***** (5 stars out of 5)
'The City on the Edge of Forever' is quintessential Star Trek. Ask anybody.
Out of his head on an accidental drug overdose, McCoy also leaps out of his century when the ancient Guardian of Forever opens a portal into the past.
Change wrought by the mad doctor alters time: the Enterprise and possibly all human civilization vanishes, leaving only the landing party. Kirk and Spock make the attempt to set things right in Depression Era New York.
They steal local costumes, evade the constabulary, and wind up with menial jobs in the flophouse of Edith Keeler, a social worker.
She's stridently moral, genuinely hopeful, and kind.
Kirk falls hard for Edith while Spock works out what McCoy changed: and it's a doozy. In their original past, Keeler died this week in 1930 in a traffic accident. In the changed past, she convinced the U.S. Government to stay out of WW II on pacifist grounds.
The right choice... at ABSOLUTELY the wrong time. Hitler's Third Reich rose to power and only fell by taking everybody with it. Though it crushes Kirk's heart along with Edith's body, the Captain stops McCoy from saving her life.
The wonderful future Edith dreamed of and longed for is restored, but she will never see it.
Harlan Ellison wrote a dark fairy tale of sacrifice and selfishness which will stand the test of time, even (or especially) in the form that reached the small sixties screen.
The episode is famously controversial for the fact that it was extensively re-written, and for Ellison's suit against Paramount Pictures regarding this. I'll go on record with my opinion: the script did not meet the demands of episodic television. It would have been good as a stand-alone, good in an anthology, and probably would work well in a serialized or arcing format common to TV of our present time.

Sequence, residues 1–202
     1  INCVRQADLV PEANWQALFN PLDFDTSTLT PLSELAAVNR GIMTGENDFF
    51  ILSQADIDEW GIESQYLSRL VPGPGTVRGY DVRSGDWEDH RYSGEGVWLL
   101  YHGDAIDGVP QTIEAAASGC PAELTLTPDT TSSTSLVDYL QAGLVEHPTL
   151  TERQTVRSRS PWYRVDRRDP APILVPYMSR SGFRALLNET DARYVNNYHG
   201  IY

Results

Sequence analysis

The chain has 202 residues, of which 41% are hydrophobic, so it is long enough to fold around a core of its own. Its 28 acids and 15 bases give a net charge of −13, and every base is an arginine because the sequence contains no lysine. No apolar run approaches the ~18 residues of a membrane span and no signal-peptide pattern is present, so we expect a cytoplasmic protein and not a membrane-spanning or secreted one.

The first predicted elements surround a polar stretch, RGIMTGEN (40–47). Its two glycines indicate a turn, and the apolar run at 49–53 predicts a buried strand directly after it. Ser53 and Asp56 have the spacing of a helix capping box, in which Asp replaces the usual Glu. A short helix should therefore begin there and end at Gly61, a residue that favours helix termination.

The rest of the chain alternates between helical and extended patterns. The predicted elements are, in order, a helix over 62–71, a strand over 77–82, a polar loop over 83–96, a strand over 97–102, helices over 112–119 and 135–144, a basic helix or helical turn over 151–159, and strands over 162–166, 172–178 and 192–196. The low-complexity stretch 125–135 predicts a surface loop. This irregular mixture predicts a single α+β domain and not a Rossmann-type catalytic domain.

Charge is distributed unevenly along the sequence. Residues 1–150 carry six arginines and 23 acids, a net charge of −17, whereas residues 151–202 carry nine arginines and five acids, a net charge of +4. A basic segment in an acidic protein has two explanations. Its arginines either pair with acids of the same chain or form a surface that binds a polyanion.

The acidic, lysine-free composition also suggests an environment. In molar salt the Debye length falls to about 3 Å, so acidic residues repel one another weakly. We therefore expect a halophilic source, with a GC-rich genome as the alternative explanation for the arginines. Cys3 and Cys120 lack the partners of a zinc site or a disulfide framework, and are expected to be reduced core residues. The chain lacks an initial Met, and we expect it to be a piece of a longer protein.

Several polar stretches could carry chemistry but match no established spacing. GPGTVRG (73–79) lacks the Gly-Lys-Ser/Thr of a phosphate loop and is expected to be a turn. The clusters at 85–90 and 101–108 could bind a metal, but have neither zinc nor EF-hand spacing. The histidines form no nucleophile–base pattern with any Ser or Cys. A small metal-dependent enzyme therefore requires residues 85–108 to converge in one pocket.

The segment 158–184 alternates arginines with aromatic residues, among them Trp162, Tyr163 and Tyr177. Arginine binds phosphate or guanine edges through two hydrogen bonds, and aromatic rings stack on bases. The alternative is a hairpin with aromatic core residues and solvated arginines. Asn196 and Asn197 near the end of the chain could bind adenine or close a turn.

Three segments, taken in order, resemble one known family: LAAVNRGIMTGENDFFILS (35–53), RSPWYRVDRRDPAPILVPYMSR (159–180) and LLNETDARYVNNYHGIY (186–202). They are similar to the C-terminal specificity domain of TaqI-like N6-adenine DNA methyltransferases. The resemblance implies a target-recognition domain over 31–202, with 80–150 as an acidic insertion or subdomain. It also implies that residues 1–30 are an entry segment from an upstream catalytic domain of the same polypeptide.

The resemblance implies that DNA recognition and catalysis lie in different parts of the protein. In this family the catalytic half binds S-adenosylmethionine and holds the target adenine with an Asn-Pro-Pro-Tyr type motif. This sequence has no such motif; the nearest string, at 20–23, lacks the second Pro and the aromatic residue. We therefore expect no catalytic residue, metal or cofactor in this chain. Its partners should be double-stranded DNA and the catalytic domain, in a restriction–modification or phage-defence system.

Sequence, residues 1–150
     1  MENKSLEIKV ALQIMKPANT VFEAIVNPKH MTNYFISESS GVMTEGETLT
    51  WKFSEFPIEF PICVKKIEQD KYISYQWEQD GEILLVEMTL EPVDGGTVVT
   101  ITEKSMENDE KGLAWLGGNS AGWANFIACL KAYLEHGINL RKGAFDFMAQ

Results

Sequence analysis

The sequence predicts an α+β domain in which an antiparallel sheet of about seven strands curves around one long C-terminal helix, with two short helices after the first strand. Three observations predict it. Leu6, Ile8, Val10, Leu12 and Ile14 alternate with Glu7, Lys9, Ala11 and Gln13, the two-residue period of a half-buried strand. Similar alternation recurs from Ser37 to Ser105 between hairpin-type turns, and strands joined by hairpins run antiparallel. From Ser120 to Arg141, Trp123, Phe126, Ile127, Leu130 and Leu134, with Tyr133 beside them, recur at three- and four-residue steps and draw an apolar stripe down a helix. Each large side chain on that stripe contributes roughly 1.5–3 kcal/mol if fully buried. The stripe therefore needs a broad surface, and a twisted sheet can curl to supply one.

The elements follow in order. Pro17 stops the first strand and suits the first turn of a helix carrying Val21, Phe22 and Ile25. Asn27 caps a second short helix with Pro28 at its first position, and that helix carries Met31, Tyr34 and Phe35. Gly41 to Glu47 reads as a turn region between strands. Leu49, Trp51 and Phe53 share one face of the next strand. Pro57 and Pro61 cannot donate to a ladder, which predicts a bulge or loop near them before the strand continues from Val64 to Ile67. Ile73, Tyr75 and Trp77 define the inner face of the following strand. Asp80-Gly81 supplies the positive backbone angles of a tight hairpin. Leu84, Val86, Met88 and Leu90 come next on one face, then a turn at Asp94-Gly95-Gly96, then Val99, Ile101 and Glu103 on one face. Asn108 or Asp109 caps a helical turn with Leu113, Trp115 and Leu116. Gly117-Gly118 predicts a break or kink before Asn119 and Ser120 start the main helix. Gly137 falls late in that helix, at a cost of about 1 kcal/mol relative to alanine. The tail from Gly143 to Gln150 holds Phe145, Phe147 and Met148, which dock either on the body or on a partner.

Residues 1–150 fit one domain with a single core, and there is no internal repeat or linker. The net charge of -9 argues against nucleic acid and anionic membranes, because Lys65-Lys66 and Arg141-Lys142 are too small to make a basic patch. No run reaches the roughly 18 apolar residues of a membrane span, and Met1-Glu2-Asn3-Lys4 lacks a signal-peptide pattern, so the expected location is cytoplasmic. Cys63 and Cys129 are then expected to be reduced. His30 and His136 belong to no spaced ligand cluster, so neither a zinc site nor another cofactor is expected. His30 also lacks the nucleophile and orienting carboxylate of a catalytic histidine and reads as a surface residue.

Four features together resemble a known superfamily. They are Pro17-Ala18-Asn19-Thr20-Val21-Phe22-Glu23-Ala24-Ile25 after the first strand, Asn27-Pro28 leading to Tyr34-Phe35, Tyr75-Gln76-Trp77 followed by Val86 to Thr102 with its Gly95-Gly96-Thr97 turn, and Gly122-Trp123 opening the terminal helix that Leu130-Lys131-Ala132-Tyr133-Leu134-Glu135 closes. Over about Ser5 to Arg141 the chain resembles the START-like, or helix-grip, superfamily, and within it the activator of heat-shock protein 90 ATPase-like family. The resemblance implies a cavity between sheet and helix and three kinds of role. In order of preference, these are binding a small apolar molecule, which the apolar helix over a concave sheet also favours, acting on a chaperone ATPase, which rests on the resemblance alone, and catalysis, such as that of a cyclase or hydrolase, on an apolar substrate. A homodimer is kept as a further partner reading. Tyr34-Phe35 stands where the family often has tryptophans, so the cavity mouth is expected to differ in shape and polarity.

But a cardinal rule of episodic storytelling is: you gotta reset for the next hack down the line.
The crew must have an adventure, learn a lesson, and repeat.
Kirk and Spock may not end an episode as the enemies Ellison's script called for. (Kirk in the script is willing to kill the entire universe including Enterprise and crew for Edith, while logical Spock stops Kirk saving her by force.) I see no saving their working relationship, let alone any friendship. Not then, probably not ever. The series would have died right there.
Peripherally, I'm also personally in favour of the re-write when it came to drug dealers in a Starfleet crew. A combination of improving humanity and high standards in this optimistic future made that unconscionable in 'Star Trek'. Benefiting from many hundreds of episodes in handfuls of spin-off series following that philosophy, I still agree with the Great Bird and his brood.
I'm a sucker for a time travel story, but also for happy endings. A bittersweet stalemate with a harsh, uncaring universe may be the closest thing Mr. Ellison has to offer me. So while it's unquestionably top-notch drama it isn't a personal favourite.
But it offers several thoughts I'll always treasure: 'Let Me Help' is a three-word phrase Kirk values even over 'I Love You'. And the elusive path to Star Trek's utopia is revealed: people made governments take the money spent on death... and spent it on life.